Saturday, February 15, 2003
Confronting Professor Singer.
Harriet McBryde Johnson's remarkable essay in tomorrow's New York Times Magazine describes her encounter with Princeton philosopher Peter Singer, the utilitarian advocate of legal rights for animals — and selective euthanasia for disabled human beings. Johnson, a lawyer and disability rights activist, uses a motorized wheelchair and travels with a health aide; a muscle-wasting disease has transformed her spine into a "a deep twisty S-curve." Most people find her appearance unsettling — "At this stage of my life, I'm Karen Carpenter thin, flesh mostly vanished, a jumble of bones in a floppy bag of skin" — but she and many other people find Singer's views more unsettling still. He says that parents should have the right to abort or kill children with disabilities that impair their quality of life; she thinks he is setting up an argument for something like genocide.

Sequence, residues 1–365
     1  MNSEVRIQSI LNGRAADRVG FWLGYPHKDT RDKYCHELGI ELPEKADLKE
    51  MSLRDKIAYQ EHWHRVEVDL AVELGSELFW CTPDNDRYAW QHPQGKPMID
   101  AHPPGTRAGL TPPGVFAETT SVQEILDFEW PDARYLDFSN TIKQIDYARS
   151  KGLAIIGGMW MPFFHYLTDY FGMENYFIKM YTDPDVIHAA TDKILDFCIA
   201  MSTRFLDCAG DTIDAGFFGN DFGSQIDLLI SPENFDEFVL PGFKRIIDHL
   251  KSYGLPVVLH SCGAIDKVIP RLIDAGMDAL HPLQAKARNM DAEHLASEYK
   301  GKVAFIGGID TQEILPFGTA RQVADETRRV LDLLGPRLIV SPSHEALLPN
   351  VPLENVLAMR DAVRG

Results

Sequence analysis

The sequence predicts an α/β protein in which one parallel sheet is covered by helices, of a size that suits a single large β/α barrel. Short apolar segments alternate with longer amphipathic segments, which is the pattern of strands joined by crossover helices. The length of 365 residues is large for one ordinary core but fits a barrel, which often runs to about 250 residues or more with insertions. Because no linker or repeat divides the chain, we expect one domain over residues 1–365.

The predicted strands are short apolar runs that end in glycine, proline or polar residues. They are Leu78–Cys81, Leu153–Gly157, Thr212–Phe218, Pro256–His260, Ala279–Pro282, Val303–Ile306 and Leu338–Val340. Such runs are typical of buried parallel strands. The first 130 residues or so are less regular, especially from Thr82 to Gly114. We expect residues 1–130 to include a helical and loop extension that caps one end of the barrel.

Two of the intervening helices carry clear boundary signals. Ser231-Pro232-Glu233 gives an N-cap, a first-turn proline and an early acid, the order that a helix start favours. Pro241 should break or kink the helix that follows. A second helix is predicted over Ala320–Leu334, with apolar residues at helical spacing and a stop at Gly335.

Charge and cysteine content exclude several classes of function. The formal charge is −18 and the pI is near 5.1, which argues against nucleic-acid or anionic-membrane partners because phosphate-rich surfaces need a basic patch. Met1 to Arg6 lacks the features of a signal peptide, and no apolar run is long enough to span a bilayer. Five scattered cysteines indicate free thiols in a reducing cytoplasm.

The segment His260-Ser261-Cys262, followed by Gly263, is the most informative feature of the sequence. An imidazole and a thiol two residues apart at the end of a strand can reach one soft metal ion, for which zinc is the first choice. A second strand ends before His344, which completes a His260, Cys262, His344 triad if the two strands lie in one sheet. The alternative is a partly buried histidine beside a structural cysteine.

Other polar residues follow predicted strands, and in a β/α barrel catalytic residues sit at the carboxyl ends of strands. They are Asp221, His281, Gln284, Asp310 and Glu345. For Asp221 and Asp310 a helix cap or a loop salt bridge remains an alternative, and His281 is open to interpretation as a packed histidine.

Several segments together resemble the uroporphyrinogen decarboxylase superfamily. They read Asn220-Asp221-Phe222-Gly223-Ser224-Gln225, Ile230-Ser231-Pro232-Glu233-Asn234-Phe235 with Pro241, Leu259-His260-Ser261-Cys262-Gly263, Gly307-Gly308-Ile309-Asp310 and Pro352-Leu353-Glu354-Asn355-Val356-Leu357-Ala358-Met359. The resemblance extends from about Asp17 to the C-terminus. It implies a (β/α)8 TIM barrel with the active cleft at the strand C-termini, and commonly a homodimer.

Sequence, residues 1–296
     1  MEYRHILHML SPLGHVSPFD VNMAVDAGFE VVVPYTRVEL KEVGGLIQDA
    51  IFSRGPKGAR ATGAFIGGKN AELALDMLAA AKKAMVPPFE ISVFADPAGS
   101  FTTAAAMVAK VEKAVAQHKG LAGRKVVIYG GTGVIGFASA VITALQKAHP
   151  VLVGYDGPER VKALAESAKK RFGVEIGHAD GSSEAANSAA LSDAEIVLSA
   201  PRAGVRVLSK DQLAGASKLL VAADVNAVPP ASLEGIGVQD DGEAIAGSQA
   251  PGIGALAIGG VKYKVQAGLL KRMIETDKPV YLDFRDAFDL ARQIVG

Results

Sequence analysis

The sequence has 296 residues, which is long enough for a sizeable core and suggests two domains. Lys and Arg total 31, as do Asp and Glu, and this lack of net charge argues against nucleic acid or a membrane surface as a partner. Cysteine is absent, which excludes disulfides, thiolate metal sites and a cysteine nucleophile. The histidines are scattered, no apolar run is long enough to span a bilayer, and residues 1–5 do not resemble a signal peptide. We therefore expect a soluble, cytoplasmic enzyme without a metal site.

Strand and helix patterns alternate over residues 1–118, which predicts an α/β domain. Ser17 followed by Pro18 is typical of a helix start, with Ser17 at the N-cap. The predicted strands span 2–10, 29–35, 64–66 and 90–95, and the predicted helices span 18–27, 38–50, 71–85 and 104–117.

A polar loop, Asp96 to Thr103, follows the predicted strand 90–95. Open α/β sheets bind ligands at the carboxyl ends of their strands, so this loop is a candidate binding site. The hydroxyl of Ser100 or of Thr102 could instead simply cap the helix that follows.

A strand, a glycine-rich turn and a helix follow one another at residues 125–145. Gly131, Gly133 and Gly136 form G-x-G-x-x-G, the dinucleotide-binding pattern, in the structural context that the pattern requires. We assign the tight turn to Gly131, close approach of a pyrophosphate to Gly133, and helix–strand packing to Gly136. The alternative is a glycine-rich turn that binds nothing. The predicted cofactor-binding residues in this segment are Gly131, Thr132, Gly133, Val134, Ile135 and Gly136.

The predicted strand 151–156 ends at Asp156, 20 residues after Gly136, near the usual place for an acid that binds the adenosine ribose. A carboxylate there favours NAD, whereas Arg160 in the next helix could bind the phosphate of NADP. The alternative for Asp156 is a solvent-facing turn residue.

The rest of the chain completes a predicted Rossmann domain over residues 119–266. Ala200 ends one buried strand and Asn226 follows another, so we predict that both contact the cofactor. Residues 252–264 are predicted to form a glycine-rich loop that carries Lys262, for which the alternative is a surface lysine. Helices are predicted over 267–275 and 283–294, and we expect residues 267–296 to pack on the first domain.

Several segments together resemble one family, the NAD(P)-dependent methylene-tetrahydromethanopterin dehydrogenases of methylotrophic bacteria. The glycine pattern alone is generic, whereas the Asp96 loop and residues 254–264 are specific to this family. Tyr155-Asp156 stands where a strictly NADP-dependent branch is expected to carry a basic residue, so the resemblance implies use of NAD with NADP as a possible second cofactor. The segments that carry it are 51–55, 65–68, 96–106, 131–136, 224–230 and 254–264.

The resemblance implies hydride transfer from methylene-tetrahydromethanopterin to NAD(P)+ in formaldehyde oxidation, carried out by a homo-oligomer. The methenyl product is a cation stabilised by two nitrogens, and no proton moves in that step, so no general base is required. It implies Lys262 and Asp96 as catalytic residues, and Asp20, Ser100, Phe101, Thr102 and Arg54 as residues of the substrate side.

So many interesting things about the article: Johnson describes the odd sensation of actually liking the person whose views she finds not only reprehensible but directly threatening, which prompts some careful self-examination. Furthermore, Singer and Johnson are both atheists, but with quite different perceptions of how to anchor human values. For one thing, Singer wants to live in a world of abstractly-derived principles, but Johnson sees how dangerous this is. She is a liberal humanist of a different order — in my view, a much more humane order:
As a disability pariah, I must struggle for a place, for kinship, for community, for connection. Because I am still seeking acceptance of my humanity, Singer's call to get past species seems a luxury way beyond my reach. My goal isn't to shed the perspective that comes from my particular experience, but to give voice to it. I want to be engaged in the tribal fury that rages when opposing perspectives are let loose."
As a shielf from the terrible purity of Singer's vision, I'll look to the corruption that comes from interconnectedness. To justify my hopes that Singer's theoretical world — and its entirely logical extensions — won't become real, I'll invoke the muck and mess and undeniable reality of disabled lives well lived. That's the best I can do.
(For more on Singer, read Peter Berkowitz's New Republic critique, "Other People's Mothers".)
Copyright © 2003 by Philocrites | Posted 15 February 2003 at 11:30 PM